2/10/2009

Art Talk Tuesday - Sentimentality

SENTIMENTALITY
[sen-tuh-men-tal-i-tee] noun

falsely emotional in a maudlin way [syn: mawkishness] 
extravagant or affected feeling or emotion
induce an emotional response disproportionate to the situation

In the art world sentimental art was not a good way for one's art to be described. Here is a quote that sums up, quite accurately, how the art community views sentimental art.

"....blameworthy because it simplifies the object of our attention. Sentimentality depends upon quick, predictable, and familiar reactions. Such reactions are....shallow, trite, or clichéd, and moreover they become habitual, routinized. Sentimentality makes no demand on us, requires no struggle, involves only a narrow range of feelings, arouses no thought or feeling about the real world, and both contributes to and is supported by a general failure of the imagination. Sentimentality prefers the obvious and avoids the ambiguous. A sentimental response is somehow unsophisticated, unlearned, undisciplined....sentimentality leads us away from active, cognitive engagement with the ambiguities and complexities of the real....toward the over-simplified, the distorted, the falsified, the fantasized, the fictional. Sentimentality encourages complacency....[and] it transforms the aesthetic into the anesthetic." Nick Capasso quotes Deborah Knight http://www.tfaoi.com/aa/5aa/5aa192a.htm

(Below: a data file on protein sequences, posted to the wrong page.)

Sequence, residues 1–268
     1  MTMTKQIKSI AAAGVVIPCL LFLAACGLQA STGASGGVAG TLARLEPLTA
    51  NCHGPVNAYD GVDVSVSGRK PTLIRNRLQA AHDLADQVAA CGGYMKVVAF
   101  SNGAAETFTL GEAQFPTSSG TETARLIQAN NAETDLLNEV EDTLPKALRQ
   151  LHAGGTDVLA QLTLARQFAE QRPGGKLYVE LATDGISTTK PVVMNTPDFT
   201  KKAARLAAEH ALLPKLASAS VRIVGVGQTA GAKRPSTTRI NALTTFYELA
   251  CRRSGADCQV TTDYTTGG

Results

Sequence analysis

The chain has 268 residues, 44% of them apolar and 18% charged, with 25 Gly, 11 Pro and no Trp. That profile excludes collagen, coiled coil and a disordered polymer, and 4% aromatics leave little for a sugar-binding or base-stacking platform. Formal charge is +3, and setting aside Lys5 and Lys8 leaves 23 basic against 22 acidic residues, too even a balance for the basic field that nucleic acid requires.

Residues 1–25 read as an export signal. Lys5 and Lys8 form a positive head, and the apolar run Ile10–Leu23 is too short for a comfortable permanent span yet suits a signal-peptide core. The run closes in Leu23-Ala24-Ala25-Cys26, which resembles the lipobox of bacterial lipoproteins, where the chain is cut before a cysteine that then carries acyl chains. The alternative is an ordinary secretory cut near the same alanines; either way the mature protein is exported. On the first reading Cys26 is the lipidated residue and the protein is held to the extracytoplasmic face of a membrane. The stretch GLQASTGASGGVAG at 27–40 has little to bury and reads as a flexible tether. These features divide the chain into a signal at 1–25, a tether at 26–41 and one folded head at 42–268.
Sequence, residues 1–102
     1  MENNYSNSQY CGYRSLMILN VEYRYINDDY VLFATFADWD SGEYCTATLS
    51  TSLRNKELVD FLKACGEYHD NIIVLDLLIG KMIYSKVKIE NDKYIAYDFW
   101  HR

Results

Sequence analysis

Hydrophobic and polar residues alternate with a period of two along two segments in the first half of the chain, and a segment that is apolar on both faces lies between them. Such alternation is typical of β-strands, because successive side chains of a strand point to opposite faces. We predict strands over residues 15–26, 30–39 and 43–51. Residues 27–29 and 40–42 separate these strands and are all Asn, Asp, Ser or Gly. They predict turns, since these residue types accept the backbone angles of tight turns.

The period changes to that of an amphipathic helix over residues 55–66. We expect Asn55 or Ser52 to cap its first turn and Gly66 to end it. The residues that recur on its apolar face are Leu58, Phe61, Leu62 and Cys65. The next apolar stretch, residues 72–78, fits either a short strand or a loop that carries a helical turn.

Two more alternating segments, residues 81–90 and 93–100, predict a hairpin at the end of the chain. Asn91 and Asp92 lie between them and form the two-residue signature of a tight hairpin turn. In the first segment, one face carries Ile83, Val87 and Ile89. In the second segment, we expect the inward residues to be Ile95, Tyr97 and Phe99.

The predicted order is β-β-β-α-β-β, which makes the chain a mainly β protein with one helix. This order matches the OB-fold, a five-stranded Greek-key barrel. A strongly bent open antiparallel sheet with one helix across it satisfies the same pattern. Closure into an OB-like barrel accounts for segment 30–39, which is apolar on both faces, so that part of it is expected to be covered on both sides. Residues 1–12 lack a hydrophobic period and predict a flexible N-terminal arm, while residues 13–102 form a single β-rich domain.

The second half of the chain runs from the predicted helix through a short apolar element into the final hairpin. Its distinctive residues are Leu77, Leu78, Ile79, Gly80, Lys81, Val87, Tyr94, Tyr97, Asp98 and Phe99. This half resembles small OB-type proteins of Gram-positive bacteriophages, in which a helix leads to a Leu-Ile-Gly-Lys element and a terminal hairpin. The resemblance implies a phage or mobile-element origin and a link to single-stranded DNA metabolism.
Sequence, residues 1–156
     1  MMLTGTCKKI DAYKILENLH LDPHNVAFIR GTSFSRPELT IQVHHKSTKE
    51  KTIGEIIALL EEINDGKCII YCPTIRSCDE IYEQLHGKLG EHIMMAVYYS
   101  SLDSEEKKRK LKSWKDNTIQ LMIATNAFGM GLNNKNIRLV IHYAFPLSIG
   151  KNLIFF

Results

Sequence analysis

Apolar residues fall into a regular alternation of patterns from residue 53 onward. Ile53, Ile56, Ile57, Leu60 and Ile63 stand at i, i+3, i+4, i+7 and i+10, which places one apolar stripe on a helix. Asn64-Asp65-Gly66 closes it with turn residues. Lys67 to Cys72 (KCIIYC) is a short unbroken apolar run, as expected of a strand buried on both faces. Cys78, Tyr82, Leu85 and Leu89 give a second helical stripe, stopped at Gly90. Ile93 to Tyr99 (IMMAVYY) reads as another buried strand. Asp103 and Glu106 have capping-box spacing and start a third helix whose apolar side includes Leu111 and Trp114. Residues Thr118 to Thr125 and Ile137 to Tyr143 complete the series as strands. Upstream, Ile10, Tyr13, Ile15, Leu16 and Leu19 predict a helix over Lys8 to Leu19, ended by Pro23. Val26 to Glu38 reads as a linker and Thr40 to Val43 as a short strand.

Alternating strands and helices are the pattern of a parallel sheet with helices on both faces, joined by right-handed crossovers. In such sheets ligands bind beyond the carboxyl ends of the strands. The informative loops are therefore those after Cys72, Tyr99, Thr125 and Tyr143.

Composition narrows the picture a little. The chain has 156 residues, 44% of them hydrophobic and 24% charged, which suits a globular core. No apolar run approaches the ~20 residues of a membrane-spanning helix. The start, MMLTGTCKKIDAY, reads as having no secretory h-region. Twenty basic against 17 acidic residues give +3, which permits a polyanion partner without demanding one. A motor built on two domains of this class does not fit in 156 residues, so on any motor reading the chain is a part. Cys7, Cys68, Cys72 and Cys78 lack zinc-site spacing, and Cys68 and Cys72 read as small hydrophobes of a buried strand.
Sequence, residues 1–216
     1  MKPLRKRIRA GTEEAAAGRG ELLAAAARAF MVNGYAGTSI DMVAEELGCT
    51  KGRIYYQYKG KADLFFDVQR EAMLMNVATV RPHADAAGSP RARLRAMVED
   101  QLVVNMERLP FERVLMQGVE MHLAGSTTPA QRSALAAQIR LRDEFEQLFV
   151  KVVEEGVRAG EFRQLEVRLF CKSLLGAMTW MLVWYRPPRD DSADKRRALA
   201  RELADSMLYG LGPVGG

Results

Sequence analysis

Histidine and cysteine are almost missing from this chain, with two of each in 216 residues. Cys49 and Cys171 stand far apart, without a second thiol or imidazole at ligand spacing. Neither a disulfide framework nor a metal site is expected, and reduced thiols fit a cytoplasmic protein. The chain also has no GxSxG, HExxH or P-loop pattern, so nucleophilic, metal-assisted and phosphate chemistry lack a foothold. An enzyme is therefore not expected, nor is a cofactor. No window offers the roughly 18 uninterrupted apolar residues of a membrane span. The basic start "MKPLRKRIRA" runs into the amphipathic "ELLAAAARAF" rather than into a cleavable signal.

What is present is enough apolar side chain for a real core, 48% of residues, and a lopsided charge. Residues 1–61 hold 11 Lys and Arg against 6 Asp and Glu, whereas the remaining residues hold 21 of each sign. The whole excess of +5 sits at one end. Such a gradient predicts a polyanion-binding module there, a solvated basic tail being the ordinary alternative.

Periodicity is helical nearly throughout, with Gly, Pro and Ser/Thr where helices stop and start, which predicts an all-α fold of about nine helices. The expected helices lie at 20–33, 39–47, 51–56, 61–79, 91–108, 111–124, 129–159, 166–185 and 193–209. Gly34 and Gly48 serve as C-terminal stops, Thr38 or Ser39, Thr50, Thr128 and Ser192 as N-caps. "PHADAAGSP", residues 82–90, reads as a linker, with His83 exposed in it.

Here are some other words that you might hear someone use when describing sentimental art: sweet, quaint, precious, polite, idealized, nostalgic, cliche, softer emotions, victorian, anti-intellectual, emotional lies, or synthetic emotion.

One such artist in this camp is Norman Rockwell. I happen to like Rockwell.

2 comments:

The Perry Family said...

Does this word have the same application outside of the art world
I hope none of my comments have come across as sentimentality, if they have, better just chalk it up to being uniformed and uneducated in the arts.

Shannon said...

Sometimes the implication is in literary circles but I don't think other than that. I kinda think those people who have never experienced certain levels of familial contentment with any longevity or have been severely disappointed or disillusioned by family tend to believe that any real form sentimentality doesn't exist. I happen to disagree with them. And I like Norman Rockwell.